It is along this stretch of the AT where you come across an unusual area--unusual for the Smokies anyway. Without warning, the hiker comes to a metal grate and a hogwire fence and a sign that explains this somewhat curious phenomenon.
This exclosure (yes exclosure, not enclosure) holds so many botanical treasures that it has been protected from the digging and rooting damage that you sometimes see in other places in the Smokies backcountry inflicted by the feral hogs brought into the region by settlers long ago. Descendants of hogs which escaped into the wild now present a difficult problem for those who are entrusted with protecting the beauties and rarities that exist in this fragile ecosystem--hence, the fence. This fence keeps OUT those hogs which would otherwise devastate this beech forest. If you get the opportunity to walk through this little piece of heaven in the spring when the wildflowers are blooming, you will instantly understand and appreciate the presence of the fence.
Not long after walking through this area, we came to Indian Gap where Road Prong and the AT intersect. There's a parking area here that you can drive to when Clingman's Dome Road is open, but until April 1, that road is deserted. It's rare indeed to see that heavily travelled thoroughfare vacant of any moving vehicles and be able to stand in the middle of it to take pictures or to take in the spectacular views of the distant peaks.
Now that we've come to the beginning of new miles for this hike, we turn right and begin to head down the mountain toward our waiting car. I knew from the trail descriptions I had read that this trail intersects numerous times with Road Prong (creek) as it gathers water and increases in size while travelling down toward the West Prong of the Little Pigeon River. However, the trail books I had read were apparently written before the storms that have impacted this part of the Park in the last couple of years. There were long stretches of this creek that passed through blowdown areas that afforded no other passage except to walk directly down the middle of Road Prong itself. This was rock-hopping at it's finest--not only rock-hopping to go across a stream, but actually finding a path downriver to a place where, eventually, the trail would re-emerge. It was definitely challenging and a tiny bit unnerving, but it was the most fun part of the day. I couldn't help but be in awe of the power of nature that would drop so many massive trees during a storm and then stack them up in a log jam at one point down the creek that looked like a pile of pick-up-sticks. The small creek was undeterred though and simply meandered through, under, and around the trees that attempted to block it's path. Once the trail opened up again through more open terrain and lovely rhododendron thickets, it looked like more familiar sections of this Park. However, without warning at one turn in the trail we were literally greeted with a jaw-dropping sight. Rounding a curve in the trail with not even an auditory warning from the falls, we gazed upon this:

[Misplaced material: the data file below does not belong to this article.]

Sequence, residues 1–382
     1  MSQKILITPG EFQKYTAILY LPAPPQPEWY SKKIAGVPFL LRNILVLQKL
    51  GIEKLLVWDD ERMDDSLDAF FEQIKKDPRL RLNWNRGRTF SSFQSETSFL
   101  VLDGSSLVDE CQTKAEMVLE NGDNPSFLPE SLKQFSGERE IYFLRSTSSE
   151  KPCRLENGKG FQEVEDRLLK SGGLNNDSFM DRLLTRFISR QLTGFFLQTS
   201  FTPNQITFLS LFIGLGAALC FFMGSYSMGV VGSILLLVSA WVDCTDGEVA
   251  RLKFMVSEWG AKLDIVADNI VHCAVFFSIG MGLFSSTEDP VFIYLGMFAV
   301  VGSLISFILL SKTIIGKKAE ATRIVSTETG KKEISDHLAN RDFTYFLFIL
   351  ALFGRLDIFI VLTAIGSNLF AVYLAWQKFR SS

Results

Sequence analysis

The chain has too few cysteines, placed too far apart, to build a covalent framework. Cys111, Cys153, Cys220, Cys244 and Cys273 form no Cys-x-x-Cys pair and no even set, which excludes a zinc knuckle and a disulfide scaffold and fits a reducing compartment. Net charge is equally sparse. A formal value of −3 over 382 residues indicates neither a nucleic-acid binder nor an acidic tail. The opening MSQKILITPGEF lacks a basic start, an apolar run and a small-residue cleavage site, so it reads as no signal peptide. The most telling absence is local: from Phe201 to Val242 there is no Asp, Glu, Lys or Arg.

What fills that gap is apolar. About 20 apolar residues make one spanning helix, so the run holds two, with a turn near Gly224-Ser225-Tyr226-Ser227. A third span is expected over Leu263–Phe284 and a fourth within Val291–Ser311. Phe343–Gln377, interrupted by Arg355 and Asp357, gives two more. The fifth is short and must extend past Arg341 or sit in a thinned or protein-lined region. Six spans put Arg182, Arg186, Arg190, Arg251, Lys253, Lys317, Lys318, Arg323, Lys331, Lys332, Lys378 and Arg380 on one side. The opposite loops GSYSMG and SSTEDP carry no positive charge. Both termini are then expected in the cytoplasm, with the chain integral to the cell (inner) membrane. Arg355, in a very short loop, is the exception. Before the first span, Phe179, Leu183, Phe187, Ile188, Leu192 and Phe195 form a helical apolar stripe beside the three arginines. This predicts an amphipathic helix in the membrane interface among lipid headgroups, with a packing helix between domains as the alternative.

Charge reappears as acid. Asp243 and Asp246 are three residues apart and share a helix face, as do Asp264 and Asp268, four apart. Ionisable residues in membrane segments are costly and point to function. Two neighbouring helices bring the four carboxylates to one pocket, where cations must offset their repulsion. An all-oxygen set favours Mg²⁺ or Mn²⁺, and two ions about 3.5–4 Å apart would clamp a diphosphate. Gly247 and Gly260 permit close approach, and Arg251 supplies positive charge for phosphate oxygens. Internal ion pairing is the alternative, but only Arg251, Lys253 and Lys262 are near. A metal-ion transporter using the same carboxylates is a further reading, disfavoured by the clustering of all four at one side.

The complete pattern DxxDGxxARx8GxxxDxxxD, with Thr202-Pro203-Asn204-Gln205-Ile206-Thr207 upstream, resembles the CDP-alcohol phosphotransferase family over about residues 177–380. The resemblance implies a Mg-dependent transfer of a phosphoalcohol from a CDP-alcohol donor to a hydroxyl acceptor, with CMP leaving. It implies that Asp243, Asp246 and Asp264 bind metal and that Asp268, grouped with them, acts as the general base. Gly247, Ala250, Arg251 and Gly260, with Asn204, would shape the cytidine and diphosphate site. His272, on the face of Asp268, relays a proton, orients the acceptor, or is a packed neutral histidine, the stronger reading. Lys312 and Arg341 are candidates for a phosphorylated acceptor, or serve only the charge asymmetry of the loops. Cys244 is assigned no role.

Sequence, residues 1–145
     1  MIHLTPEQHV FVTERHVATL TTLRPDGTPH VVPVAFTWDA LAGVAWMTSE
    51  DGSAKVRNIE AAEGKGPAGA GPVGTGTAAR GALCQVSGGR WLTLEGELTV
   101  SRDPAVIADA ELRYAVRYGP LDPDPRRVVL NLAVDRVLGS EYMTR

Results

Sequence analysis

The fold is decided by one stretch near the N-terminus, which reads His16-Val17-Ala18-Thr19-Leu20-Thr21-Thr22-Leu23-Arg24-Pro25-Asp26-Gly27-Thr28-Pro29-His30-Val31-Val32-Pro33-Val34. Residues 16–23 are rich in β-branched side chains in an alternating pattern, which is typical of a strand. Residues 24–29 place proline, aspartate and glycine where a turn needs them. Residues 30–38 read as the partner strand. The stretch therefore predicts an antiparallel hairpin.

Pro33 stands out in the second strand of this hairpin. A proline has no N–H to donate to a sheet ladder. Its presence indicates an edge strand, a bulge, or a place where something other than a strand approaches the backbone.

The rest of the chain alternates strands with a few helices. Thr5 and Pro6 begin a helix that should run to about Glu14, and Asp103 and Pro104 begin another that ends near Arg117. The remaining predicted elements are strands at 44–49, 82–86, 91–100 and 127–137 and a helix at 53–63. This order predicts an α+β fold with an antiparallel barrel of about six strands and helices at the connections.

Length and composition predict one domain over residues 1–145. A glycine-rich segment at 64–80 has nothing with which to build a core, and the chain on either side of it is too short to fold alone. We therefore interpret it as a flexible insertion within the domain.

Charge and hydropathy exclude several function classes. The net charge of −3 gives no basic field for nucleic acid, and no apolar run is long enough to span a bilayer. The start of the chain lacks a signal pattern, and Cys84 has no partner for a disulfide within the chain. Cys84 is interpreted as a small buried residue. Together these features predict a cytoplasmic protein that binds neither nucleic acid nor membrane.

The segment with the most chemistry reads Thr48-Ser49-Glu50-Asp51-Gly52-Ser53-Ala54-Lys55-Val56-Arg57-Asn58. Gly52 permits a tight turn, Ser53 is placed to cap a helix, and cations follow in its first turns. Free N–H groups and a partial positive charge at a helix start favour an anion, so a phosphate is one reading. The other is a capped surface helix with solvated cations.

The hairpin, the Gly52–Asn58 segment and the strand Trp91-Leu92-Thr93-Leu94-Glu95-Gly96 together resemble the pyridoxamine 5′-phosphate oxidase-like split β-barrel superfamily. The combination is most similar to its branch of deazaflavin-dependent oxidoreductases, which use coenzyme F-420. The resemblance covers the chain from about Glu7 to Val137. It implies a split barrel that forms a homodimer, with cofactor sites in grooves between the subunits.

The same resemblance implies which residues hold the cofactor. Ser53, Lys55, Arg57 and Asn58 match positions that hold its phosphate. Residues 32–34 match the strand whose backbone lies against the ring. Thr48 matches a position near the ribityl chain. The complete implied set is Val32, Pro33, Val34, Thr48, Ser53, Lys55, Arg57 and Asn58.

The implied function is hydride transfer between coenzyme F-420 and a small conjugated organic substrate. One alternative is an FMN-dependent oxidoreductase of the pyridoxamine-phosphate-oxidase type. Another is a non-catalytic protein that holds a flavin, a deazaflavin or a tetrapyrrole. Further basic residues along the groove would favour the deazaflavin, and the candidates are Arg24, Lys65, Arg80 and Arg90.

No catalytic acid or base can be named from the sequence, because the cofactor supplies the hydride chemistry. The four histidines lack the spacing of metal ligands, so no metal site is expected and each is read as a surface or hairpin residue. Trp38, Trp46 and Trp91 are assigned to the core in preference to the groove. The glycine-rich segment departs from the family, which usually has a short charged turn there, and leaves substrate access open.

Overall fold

This magical, deep pool and cascade took one's breath away by both its beauty and its unexpected appearance. Pictures absolutely do not do it justice. Had it been a warmer day, I might have attempted the treacherous, steep path that descended to it, but I probably shouldn't have any way. I simply appreciate having had the opportunity to stand on the trail and gaze at its splendor.
The rest of the trail was a pleasant descent to the intersection with Chimney Tops Trail where we were instantly struck by the presence of masses of humanity that have returned to my park now that spring is on its way. I must admit I felt a twinge of sadness to know that the solitude of these great mountains will now be accosted by these "visitors." We spent much of the remaining trip picking up trash--orange peels, energy bar wrappers, even a wine bottle--that folks had carelessly dropped as they ascended to one of the most visited summits in the Smokies. I was jolted by the lack of respect they have for this place. I am unsure how one visits such a spectacular venue and acts with such utter disregard for its almost holy ambience. I am, however, aware that it is the very presence of these millions of visitors that gives me entrance on a routine basis to one of the most special places on Earth. For that, I am eternally grateful.